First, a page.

To complement the ESR1 mutational analysis five further samples from the discovery cohort that were unsuccessful with Ion Torrent were run with an NGS Breast v1.1 panel (Supplementary Materials). This identified one additional ESR1 mutation in a post-AI sample. This mutation was a previously unreported substitution followed by an insertion at the aa536 hotspot of known mutations (L536indelGV). In all of the five patients with ESR1 mutations the resistant biopsy was in the metastatic setting (Fig. S2). In one of these cases (patient 23) an intermediate sample taken after 5 years of tamoxifen in the metastatic setting and before AI treatment was available and was found to be ESR1 wild type.

Gene expression

For five genes both IHC and gene expression data (Table S5) were available and for all of these there was a strong significant correlation between the two measurements (Table S6).19

Two-way hierarchical clustering of the global gene expression in the pre- and post-AI groups showed 38% (15/39) of pairs clustered together (Fig. 3a). Thirty-six pairs (plus two pre- and two post-AI samples) had PAM50 subtype calculated (Table S7). Only 56% of sample pairs maintained their PAM50 subtype at progression after AI treatment (Table S8). Of particular note only one case was classified as basal-like at baseline but six were classified as basal-like at resistance. Low expression of oestrogen response genes were a consistent feature of this group. The clustering shows some distinct patterns with three major branches labelled A, B and C in Fig. 3a. Branch A consists largely of luminal A and luminal B samples with substantial heterogeneity between them. Branch B consists mainly of HER2-enriched samples and some luminal B. In contrast branch C contains all of the basal-like samples, most of which were unpaired post-treatment samples. The proliferation group of genes appeared to be the dominant feature in clustering the samples most notably into 2 sub-clusters of branch C.

Fig. 3
Fig. 3

a Hierarchical clustering of the 39 sample pairs and two unpaired post samples by gene expression. ESR1 mutational status, pair pre- and post-AI status (together with pair clustering) and PAM50 subtypes are indicated at the top of the cluster. Five gene (row) clusters are annotated by most significant terms generated from compute overlaps analysis in Broad Institute GSEA website (http://software.broadinstitute.org/gsea/msigdb/annotate.jsp). b Hierarchical clustering of the 41 post samples by gene expression. ESR1 mutational status and PAM50 subtypes are indicated at the top of the cluster. Five gene (row) clusters were taken from clustering used in Fig. 2

Figure 3b shows 2-way hierarchical clustering of just the AI-resistant samples. While four main clusters can be recognised, the very wide heterogeneity in gene expression in these samples is evident with few groupings due to consistent patterns of expression across the gene set. A small group of tumours with basal-like features (branch A) again segregated from the others based mainly on low expression of oestrogen-regulated genes and high expression of genes in the immune cluster. The central two clusters (B and C) in Fig. 3b differ from the others mainly by their higher expression of oestrogen-regulated genes and contain the ESR1-mutated tumours (see below). The segregation of clusters B and C from one another is then related mainly to proliferation-associated genes. Notably, those with the relatively high proliferation were associated with relatively high signal transduction and immune signalling. The segregation of the cluster classified as HER2-enriched was unexpectedly not dependent on high levels of genes associated with signal transduction but rather on either relatively high proliferation or relatively low expression of immune-related genes.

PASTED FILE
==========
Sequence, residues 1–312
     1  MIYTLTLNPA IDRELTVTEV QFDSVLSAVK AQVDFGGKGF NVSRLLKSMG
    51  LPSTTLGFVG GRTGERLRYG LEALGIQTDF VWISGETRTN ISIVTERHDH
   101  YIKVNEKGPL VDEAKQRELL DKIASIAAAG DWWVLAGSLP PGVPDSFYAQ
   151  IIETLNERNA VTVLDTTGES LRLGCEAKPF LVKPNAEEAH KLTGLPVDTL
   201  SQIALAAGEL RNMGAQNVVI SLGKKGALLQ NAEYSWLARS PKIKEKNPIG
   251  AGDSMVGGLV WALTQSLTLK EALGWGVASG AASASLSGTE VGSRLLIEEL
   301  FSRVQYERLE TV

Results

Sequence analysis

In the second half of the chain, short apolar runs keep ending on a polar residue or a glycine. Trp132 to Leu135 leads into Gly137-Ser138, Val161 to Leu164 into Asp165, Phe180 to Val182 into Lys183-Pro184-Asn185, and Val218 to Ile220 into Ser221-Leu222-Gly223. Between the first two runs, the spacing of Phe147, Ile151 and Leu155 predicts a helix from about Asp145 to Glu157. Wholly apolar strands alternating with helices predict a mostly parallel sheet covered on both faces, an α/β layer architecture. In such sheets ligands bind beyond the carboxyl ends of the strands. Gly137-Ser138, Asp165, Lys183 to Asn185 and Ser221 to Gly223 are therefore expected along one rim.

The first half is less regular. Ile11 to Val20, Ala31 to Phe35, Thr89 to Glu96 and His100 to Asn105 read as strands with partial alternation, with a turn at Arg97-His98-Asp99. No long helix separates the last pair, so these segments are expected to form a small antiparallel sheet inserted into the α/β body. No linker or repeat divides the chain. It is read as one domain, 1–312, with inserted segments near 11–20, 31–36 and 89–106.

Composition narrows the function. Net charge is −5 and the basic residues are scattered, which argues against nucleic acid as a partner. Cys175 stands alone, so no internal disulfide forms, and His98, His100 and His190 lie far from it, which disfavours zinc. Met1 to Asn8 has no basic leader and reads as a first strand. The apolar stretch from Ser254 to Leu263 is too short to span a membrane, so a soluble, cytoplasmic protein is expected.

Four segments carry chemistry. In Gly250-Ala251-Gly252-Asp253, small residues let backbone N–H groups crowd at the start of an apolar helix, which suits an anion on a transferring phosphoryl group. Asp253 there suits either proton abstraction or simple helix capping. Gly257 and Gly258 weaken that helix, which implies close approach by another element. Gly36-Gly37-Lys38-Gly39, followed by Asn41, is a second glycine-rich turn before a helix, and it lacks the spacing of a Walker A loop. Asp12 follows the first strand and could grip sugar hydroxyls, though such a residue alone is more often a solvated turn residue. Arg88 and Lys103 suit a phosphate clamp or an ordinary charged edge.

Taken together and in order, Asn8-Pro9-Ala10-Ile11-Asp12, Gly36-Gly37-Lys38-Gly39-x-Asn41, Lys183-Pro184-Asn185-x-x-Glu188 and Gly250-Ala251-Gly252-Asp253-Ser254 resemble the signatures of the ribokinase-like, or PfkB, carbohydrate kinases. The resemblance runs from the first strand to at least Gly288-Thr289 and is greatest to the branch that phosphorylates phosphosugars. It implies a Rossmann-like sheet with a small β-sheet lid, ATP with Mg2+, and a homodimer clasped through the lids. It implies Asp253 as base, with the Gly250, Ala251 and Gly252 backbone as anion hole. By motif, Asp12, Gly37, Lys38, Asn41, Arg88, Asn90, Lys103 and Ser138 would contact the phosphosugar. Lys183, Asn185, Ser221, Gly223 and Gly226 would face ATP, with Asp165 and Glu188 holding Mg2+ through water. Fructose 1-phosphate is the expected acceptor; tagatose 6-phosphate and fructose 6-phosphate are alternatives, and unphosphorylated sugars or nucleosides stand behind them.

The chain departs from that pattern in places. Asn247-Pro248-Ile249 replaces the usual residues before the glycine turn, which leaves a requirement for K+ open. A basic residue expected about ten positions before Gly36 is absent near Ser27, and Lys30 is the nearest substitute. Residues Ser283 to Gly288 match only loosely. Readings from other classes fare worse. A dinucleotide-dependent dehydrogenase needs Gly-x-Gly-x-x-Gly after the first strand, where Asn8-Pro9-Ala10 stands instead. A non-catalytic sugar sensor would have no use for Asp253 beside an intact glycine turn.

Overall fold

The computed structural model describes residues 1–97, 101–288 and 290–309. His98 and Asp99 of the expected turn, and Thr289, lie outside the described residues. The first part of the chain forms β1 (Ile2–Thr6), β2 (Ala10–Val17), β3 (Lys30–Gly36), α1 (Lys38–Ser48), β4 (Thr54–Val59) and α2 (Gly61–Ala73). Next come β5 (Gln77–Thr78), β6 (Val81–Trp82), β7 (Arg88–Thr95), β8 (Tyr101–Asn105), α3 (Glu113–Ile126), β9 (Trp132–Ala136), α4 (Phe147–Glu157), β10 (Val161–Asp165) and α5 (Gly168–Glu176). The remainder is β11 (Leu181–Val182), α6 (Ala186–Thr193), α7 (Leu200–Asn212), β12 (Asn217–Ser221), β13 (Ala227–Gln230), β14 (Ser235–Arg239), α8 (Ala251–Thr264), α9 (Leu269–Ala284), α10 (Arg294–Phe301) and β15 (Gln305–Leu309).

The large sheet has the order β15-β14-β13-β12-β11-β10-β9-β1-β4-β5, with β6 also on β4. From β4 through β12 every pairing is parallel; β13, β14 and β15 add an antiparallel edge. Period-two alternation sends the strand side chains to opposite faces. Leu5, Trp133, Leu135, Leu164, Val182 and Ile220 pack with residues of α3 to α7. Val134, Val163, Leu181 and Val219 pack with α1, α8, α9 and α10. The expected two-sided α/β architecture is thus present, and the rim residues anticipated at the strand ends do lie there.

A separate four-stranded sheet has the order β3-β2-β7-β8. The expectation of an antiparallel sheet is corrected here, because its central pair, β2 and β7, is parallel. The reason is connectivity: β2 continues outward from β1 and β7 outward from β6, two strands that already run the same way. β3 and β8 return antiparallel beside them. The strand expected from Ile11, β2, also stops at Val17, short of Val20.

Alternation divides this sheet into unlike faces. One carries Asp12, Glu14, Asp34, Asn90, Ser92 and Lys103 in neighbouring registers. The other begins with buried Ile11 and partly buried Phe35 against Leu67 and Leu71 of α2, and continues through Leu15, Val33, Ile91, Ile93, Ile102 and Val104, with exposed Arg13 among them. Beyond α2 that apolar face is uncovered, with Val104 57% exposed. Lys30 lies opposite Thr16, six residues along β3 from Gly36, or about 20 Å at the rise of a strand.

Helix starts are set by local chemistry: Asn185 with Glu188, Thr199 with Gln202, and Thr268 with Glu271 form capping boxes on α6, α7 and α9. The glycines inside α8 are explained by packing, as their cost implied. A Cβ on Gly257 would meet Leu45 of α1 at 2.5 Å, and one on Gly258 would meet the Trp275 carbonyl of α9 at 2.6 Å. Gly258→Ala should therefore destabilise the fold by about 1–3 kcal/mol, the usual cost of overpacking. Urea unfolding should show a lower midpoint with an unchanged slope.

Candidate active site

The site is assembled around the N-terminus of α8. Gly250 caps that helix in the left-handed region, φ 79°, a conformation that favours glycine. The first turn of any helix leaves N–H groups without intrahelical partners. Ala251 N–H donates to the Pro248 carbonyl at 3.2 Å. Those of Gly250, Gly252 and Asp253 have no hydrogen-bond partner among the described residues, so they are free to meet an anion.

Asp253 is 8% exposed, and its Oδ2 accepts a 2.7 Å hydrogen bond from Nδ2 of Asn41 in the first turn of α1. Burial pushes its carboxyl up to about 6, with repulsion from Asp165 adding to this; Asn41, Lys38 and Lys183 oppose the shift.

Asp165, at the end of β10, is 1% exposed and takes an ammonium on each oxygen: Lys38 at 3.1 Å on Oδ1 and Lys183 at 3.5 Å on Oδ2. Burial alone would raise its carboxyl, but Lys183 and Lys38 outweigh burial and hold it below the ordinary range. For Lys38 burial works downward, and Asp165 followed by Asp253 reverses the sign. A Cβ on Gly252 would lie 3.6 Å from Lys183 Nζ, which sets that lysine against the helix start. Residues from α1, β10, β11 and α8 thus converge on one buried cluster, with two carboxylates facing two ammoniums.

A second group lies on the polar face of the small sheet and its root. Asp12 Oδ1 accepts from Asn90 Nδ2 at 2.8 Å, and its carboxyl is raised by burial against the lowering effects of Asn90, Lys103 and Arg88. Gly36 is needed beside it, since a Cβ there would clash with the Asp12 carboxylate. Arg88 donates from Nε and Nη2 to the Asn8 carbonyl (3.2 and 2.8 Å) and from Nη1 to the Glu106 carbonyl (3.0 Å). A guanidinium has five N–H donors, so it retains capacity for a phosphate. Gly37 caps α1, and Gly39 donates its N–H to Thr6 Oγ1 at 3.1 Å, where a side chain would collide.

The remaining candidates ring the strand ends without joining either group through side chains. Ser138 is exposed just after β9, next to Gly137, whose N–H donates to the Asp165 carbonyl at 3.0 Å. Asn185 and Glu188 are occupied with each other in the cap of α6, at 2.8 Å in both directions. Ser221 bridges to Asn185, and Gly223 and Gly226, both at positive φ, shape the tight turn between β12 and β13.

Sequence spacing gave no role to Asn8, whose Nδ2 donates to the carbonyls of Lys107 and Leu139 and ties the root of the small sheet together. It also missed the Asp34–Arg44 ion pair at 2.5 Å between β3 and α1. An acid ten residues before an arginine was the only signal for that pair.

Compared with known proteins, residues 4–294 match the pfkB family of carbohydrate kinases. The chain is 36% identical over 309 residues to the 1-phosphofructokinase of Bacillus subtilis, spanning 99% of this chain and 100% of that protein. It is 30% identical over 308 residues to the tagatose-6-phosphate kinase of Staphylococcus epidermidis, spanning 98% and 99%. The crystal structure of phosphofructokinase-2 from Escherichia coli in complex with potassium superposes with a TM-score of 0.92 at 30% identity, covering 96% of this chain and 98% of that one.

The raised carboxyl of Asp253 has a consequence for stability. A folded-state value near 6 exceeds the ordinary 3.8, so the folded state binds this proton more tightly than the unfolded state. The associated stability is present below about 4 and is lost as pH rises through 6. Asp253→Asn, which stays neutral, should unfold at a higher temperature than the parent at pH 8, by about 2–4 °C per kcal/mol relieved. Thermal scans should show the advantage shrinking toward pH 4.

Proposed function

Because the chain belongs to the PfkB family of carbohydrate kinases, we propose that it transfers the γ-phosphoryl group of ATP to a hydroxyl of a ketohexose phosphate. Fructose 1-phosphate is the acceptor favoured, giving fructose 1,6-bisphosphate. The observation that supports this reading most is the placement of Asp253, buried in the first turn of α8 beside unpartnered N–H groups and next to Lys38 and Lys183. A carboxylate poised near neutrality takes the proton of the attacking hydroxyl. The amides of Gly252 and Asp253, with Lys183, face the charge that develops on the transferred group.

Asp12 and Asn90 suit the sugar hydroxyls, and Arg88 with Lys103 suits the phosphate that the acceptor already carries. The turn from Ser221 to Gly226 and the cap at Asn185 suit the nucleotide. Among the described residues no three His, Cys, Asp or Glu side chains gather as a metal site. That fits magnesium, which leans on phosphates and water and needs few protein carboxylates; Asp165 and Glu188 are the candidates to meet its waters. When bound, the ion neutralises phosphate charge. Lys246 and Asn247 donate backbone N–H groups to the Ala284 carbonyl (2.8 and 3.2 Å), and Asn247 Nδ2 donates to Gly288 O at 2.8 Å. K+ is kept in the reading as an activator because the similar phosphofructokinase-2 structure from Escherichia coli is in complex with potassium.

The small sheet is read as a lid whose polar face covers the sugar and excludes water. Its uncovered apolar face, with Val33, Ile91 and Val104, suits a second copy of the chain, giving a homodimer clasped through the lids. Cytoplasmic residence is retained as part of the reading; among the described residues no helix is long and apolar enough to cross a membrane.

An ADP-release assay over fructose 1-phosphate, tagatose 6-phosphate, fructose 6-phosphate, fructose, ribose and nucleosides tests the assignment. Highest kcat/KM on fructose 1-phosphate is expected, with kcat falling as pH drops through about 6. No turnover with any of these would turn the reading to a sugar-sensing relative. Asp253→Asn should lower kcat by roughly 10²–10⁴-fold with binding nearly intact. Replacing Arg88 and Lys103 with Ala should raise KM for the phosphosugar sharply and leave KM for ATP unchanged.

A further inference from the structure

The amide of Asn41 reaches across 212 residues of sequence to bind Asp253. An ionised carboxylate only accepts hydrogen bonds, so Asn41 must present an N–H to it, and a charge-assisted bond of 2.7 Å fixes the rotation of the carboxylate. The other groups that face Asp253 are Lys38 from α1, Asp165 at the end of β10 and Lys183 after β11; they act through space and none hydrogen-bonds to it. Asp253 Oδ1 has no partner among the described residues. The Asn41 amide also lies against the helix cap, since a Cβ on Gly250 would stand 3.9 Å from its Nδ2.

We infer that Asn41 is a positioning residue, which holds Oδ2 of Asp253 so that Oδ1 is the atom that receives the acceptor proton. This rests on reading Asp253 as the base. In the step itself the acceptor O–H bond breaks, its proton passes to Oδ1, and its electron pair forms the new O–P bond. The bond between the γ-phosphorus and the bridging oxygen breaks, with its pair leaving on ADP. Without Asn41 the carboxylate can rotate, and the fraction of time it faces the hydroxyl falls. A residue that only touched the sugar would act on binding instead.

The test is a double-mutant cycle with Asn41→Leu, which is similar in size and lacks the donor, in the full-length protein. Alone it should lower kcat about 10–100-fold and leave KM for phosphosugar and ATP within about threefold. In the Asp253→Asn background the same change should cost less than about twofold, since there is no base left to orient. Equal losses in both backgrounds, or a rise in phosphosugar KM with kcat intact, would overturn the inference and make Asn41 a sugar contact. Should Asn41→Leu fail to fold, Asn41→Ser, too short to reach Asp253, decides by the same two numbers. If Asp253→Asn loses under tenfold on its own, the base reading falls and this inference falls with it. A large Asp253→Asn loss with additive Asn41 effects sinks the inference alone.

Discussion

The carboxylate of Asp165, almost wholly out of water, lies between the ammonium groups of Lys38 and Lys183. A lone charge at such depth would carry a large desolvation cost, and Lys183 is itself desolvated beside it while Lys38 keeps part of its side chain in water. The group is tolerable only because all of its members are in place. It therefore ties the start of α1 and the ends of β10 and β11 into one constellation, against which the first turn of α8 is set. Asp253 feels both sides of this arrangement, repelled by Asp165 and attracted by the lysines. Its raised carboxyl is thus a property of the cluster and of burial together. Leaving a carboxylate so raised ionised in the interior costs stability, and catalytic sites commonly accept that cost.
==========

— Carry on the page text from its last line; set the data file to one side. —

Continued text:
Eighteen genes were significantly (FDR 5%) downregulated and one (TBP) was upregulated at progression after AI (Fig. 4). Ten of the 13 most markedly downregulated were known to be subject to regulation by oestrogen signalling. After exclusion of ER negative samples 13/18 genes were significantly differentially expressed. The five genes no longer significantly different were TFF3, SCUBE2, SLC39A6, TBP, PIK3R2 and GATA3. This indicates that suppression of a major axis of oestrogen regulation is maintained despite these tumours demonstrating clinical resistance to AI. Further, expression of ESR1 and ERa show a strong correlation with the significantly differentially expressed genes (Fig. S3A). The discovery cohort is phenotypically heterogeneous, yet unsupervised clustering of the 18 differentially expressed genes reveals robust downregulation of ERGs in the majority of tumours (Fig. S3B).

Fig. 4
Fig. 4

Upper panel, arrow plot of 18 genes that changed significantly pre- and post-AI. Red arrows identify increase of expression in the paired post sample and blue arrows a decrease in expression. FDR values for Student’s t-test are shown. Lower panel, box plots of the same 18 genes with mean and 95% confidence interval of log2 difference between paired pre and post samples. Genes coloured in black are ERG genes

Twenty-one patients with paired samples, of which 16 have expression data, had received tamoxifen prior to the pre-AI sample being collected and conceivably this could have impacted on the expression of these 18 differentially regulated genes in the pre-AI sample. However there was no significant difference in gene expression for any of the genes according to prior tamoxifen treatment (Fig. S4). This lack of effect of prior tamoxifen may be due to the drug’s partial agonist activity which is marked in postmenopausal women.20

ESR1 mutation and gene expression

There was no significant difference in expression of four oestrogen-regulated genes (TFF1, GREB1, PDZK1 and PgR) that we have previously used as markers of oestrogenic signalling,17 in the pre-AI samples from the five patients in the discovery cohort that went on to acquire an ESR1 mutation compared with those that did not (Fig. S5). In four of the five cases it was notable however that oestrogen-regulated gene expression was in the upper range of that in all samples. Expression of the four oestrogen-regulated genes in post-AI samples with ESR1 mutations was on average more than twofold higher than in ESR1 wild-type samples for individual genes, and the average expression of these genes in post-AI samples with ESR1 mutations was more than 6-fold higher than in post-AI samples with wild-type ESR1 (MannWhitney P = 0.006, Fig. S5).